If it is necessary to perform many iterations (or few iterations, but for many eigenvectors), then it might be wise to bring the matrix to the upper Hessenberg form first (for symmetric matrix this will be tridiagonal form). Which costs ${\displaystyle {\begin{matrix}{\frac {10}{3}}\end{matrix}}n^{3}+O(n^{2})}$ arithmetic operations using a technique based on Householder reduction), with a finite sequence of orthogonal similarity transforms, somewhat like a two-sided QR decomposition.[2][3] (For QR decomposition, the Householder rotations are multiplied only on the left, but for the Hessenberg case they are multiplied on both left and right.) For symmetric matrices this procedure costs ${\displaystyle {\begin{matrix}{\frac {4}{3}}\end{matrix}}n^{3}+O(n^{2})}$ arithmetic operations using a technique based on Householder reduction.[2][3]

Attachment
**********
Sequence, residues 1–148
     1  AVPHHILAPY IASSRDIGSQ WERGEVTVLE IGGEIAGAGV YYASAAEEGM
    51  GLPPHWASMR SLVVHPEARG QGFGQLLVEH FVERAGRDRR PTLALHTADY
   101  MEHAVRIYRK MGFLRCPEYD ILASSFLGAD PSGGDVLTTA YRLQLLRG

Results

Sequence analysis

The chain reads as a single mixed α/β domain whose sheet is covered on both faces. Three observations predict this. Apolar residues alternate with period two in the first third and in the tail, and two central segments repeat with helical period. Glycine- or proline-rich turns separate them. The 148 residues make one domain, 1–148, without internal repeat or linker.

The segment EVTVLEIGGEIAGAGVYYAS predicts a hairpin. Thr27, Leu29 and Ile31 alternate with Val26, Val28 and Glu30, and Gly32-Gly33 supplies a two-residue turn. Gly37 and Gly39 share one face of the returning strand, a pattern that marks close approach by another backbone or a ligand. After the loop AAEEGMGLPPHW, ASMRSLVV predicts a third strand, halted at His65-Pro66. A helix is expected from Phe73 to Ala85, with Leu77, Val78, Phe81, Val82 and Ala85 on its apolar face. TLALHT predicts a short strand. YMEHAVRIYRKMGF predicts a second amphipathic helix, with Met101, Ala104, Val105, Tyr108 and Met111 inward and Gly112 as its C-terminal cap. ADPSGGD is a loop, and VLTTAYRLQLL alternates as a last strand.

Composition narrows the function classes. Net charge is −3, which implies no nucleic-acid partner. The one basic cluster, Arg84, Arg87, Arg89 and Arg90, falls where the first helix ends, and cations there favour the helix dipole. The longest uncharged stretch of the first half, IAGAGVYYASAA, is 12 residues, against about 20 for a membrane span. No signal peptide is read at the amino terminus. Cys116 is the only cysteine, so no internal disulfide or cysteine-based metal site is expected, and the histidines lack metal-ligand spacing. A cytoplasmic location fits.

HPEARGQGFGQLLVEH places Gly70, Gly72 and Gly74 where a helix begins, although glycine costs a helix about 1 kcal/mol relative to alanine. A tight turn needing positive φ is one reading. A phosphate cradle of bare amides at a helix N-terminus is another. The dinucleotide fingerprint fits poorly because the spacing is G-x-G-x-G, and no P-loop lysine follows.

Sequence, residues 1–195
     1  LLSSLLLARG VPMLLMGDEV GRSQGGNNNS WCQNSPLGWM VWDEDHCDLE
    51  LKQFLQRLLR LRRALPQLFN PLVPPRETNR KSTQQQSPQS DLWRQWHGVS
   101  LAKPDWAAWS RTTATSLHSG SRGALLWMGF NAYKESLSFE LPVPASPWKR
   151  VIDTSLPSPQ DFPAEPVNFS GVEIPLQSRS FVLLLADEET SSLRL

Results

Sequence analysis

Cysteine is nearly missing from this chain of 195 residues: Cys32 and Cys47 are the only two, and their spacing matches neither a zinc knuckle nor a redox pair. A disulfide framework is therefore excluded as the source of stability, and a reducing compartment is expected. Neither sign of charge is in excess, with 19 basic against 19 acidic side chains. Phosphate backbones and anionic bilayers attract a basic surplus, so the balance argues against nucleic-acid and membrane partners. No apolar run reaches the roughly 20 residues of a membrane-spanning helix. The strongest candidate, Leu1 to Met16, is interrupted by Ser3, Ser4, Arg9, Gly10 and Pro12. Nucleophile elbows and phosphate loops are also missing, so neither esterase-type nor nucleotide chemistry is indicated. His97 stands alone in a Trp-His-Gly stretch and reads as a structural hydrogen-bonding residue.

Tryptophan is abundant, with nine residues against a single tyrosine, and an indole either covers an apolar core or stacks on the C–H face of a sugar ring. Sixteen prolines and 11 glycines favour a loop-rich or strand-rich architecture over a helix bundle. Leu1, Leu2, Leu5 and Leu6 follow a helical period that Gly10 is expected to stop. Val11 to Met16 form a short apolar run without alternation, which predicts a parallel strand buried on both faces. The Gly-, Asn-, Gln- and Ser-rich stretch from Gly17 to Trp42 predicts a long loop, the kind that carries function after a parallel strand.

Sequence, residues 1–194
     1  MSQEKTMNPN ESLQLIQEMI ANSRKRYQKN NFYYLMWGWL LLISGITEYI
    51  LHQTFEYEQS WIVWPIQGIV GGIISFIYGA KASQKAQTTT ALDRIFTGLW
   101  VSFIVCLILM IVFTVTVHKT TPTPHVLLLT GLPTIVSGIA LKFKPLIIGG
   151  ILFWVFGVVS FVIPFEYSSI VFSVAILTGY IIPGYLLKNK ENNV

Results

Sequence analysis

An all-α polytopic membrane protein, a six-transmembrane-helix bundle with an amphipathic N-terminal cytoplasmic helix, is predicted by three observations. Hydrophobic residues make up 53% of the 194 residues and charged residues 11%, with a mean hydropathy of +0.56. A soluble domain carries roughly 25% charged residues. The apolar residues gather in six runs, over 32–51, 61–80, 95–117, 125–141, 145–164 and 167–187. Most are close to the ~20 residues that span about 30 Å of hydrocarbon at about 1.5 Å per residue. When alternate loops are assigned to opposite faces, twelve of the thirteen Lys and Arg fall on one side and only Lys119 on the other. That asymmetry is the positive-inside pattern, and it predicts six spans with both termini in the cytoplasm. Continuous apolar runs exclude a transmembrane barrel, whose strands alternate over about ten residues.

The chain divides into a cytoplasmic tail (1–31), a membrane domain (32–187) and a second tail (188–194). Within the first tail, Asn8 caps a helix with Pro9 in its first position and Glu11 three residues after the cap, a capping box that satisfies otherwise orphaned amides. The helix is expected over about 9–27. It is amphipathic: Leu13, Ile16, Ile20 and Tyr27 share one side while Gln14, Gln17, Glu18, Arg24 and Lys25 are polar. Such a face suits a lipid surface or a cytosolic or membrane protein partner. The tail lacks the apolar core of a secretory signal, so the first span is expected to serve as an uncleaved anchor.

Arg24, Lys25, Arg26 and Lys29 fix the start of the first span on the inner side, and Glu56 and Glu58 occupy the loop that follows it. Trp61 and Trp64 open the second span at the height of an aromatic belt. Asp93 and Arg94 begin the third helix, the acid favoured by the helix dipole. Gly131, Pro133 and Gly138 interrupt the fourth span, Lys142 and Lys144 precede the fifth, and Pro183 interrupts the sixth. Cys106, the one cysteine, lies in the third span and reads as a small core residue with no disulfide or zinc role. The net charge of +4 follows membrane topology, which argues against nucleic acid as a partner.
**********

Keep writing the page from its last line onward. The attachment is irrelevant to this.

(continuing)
Solution of the system of linear equations for the tridiagonal matrix costs O(n) operations, so the complexity grows like O(n3)+k*O(n), where k is the iteration number, which is better than for the direct inversion. However for few iterations such transformation may not be practical.

Also transformation to the Hessenberg form involves square roots and the division operation, which are not universally supported by hardware.

### Choice of the normalization constant Ck

On general purpose processors (e.g. produced by Intel) the execution time of addition, multiplication and division is approximately equal. But on embedded and/or low energy consuming hardware (digital signal processors, FPGA, ASIC) division may not be supported by hardware, and so should be avoided. Choosing Ck=2nk allows fast division without explicit hardware support, as division by a power of 2 may be implemented as either a bit shift (for fixed-point arithmetic) or subtraction of k from the exponent (for floating-point arithmetic).